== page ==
Body-biasing may also be used to move to a curve further to the left in FIG. 4. In this case, the body-biasing may be described as forward-biasing and may lower Vt. Back-biasing may be used to move to a curve further to the right.
 Embodiments of the present invention determine an appropriate supply voltage and threshold voltage for a target operating frequency while conserving power. The target operating frequency may be based on circuit utilization (e.g., processor utilization). As the previous discussion explains, extra power can be conserved by dropping the supply voltage, but this may not be dropped too low or the circuit will not be able to meet the target operating frequency. Moreover, Vt affects both power consumption and fmax.
FIG. 5A is an exemplary system 500 for optimizing performance in a circuit 502 using software-controlled body-biasing according to embodiments of the present invention. The system 500 comprises a circuit 502 whose characteristics are being modified. The circuit 502 may have CMOS transistors, although this is not intended to be limiting. The system 500 is provided a target operating frequency (ftar), from which values for the supply voltage value (Vdd), and body-biasing values (Vnw, Vpw) are calculated by calculation block 506. These may be digital values. Referring again to FIG. 4, this may be described as picking an appropriate curve with fmax fixed, while considering the effect that different Vt and Vdd have on power consumption. For example, in one embodiment, changes in power consumption due to changes in IOFF (which in turn may be due to which Vt curve is being analyzed) are compared to changes in power consumption due to changes in Vdd. The analysis may include factoring in how often the transistors will be called upon to switch. In this example, the Vdd may be the value needed to achieve fmax on the analyzed Vt curve.
 The supply voltage value and body-biasing values are input to conversion circuitry 504 for converting those values into analog signals to be input to the circuit 502 under modification. Those of ordinary skill in the art are able to appropriately apply these values to the circuit. The target frequency (Ftar.) may also be applied to the circuit 502. This may be the exact value input to the calculation block and hence does not have to be modified therein. However, embodiments do provide for running the circuit 502 at a different frequency than the target frequency, if, for example, the calculation frequency determines that another frequency is more appropriate. Those of ordinary skill in the art are able to modify the circuit's frequency.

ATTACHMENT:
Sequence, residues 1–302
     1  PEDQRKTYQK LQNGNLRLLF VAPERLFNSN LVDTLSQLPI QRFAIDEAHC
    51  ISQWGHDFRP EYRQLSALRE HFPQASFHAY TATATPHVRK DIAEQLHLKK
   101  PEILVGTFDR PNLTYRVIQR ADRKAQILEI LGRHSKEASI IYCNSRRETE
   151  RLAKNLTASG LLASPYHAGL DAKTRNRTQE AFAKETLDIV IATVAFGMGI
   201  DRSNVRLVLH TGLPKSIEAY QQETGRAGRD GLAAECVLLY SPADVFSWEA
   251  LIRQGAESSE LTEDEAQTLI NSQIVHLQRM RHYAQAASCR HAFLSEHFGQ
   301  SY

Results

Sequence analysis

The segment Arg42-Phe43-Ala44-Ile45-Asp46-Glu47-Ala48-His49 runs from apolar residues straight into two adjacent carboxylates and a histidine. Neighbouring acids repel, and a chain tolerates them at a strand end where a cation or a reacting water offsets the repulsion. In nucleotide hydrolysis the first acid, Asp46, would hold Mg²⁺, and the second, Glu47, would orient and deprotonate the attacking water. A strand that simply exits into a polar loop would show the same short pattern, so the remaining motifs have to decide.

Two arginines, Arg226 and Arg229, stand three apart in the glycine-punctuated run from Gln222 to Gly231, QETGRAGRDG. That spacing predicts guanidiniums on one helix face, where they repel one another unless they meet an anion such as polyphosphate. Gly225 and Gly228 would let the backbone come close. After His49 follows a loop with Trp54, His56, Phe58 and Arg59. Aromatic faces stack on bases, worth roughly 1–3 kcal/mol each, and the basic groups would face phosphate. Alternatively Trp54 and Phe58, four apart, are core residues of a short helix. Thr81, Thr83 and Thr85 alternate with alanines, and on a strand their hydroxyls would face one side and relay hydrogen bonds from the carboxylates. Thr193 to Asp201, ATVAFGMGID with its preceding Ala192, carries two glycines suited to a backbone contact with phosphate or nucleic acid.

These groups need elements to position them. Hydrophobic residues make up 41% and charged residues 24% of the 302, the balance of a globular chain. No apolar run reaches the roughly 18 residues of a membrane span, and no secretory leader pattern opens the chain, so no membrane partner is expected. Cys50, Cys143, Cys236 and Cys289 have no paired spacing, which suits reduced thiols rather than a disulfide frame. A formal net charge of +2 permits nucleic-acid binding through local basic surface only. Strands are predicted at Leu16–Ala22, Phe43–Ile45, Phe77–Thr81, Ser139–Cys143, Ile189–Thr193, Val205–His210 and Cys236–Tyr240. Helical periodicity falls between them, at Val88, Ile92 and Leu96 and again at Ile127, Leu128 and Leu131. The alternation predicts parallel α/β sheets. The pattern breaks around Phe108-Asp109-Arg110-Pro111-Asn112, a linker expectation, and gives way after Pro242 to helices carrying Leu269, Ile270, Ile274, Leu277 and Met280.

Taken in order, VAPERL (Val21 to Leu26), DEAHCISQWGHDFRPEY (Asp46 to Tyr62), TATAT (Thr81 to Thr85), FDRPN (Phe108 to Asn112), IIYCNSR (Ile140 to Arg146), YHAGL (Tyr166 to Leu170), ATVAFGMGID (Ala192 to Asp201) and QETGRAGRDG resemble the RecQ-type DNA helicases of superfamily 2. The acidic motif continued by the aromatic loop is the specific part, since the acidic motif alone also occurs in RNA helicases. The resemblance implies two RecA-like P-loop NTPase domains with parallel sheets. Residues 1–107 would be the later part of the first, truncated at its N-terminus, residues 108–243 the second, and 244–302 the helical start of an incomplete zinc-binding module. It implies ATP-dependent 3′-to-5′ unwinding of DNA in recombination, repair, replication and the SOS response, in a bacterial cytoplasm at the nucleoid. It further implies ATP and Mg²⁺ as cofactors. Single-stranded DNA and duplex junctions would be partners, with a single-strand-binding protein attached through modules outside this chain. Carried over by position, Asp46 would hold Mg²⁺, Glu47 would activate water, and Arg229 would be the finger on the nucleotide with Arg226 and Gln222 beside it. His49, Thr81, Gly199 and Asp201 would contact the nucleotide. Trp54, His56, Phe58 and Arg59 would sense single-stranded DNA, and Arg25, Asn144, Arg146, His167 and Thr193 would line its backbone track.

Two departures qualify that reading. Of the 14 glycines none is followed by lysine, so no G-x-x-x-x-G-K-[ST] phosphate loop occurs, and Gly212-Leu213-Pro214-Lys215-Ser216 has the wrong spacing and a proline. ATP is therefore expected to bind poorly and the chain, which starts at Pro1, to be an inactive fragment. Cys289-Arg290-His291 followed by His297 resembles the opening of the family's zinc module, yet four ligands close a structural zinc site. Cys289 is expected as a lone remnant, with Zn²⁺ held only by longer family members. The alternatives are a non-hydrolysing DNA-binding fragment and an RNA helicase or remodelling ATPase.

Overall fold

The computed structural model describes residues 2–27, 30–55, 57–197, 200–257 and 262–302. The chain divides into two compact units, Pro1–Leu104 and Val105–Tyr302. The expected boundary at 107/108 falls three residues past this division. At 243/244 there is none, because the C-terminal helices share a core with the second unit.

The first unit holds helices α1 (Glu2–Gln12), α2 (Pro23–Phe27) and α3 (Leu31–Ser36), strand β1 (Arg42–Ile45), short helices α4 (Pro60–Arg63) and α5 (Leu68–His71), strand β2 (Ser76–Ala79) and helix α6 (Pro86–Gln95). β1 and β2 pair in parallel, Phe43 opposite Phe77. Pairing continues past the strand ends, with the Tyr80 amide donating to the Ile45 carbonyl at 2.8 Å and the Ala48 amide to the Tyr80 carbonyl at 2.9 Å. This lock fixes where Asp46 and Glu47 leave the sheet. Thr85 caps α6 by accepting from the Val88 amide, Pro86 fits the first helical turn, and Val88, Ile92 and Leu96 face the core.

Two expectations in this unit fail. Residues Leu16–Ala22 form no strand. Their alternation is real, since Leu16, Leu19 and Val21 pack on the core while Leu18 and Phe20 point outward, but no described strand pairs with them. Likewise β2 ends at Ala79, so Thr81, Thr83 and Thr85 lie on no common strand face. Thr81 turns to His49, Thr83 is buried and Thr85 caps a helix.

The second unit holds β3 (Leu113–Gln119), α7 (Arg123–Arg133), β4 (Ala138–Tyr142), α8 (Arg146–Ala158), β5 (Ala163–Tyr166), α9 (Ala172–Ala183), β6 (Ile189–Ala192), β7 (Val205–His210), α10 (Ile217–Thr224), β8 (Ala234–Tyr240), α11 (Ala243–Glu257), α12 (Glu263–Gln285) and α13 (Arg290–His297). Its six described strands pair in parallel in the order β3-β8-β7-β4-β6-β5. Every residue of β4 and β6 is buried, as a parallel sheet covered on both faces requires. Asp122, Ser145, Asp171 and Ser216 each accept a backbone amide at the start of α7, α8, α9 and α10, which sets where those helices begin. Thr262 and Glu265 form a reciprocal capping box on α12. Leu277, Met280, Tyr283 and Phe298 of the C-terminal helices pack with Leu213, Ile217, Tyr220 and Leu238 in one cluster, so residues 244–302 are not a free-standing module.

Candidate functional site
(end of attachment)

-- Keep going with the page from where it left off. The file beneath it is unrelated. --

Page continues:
From time to time, the system 500 measures IOFF with the IOFF measure block 508 from one or more transistors in the circuit 502 and uses that value to adjust the calculation of appropriate values. Rather than measuring IOFF, embodiments of the present invention may measure another parameter, such as, for example, temperature. This parameter may then be fed to the calculation block 506. Thus, the circuit has a means of compensating for both processing and environmental variations in the transistors. Measurements may be performed at multiple locations in the circuit 502 to handle variations between transistors, if desired. Thus, there may be separate Vpw and Vnw signals sent to different regions of the circuit 502.
 In one implementation, the calculation is performed as a table lookup.
 Exemplary tables are illustrated in FIG. 7. From time to time, the value of IOFF may be used to rewrite the table values. Alternatively, the system 500 may have a number of tables. The value of IOFF may be used to select the appropriate table. For example, the measured IOFF may serve as a way to measure temperature. Each table in the system 500 may cover a small range in the expected operating temperature range. Those of ordinary skill in the art will understand that the determination of the values does not have to be performed as a table lookup. For example, an algorithm may be used to dynamically calculate appropriate values for Vdd, Vpw, and Vnw.
FIG. 5B illustrates an embodiment of a system 520 in which rather than inputting a target frequency, the system 520 inputs a target supply voltage, Vdd. Based on this value, the system 520 calculates an operating frequency (fop), a Vpw, and a Vnw. The operating frequency may be the maximum frequency at which the circuit 502 may be run given the supply voltage and the selected Vt. Referring again to FIG. 4, this may be described as picking an appropriate curve to maximize fmax with Vdd fixed. As with system 500 of FIG. 5A, an IOFF value may be measured from time to time and used in the calculation of fop, Vpw, and Vnw.